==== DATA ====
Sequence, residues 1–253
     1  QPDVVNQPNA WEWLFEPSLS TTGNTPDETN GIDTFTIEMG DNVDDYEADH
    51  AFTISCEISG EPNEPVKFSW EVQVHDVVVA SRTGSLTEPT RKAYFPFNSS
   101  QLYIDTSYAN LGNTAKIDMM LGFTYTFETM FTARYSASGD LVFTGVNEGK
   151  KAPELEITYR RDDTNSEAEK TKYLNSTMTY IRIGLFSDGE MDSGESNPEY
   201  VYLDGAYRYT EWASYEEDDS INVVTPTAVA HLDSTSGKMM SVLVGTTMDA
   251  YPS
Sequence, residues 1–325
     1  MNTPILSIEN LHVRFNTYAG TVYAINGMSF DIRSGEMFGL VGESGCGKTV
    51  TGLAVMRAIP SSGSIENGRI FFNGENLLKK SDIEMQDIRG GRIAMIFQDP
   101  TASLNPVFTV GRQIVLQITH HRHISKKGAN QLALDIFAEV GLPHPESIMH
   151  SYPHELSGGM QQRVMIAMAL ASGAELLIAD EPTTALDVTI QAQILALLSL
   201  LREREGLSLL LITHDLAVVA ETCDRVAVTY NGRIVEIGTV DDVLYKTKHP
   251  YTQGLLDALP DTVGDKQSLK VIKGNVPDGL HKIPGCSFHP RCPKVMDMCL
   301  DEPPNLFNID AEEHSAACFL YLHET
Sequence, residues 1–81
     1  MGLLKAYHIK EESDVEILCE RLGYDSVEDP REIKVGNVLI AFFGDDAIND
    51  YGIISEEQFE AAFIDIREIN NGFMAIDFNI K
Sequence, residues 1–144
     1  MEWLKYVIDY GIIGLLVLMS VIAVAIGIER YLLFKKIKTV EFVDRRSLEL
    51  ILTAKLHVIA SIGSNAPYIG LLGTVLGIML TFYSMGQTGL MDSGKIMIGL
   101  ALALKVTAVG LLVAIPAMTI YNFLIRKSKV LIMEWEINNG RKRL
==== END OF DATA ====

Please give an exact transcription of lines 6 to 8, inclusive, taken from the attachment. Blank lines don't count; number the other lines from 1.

   201  VYLDGAYRYT EWASYEEDDS INVVTPTAVA HLDSTSGKMM SVLVGTTMDA
   251  YPS
Sequence, residues 1–325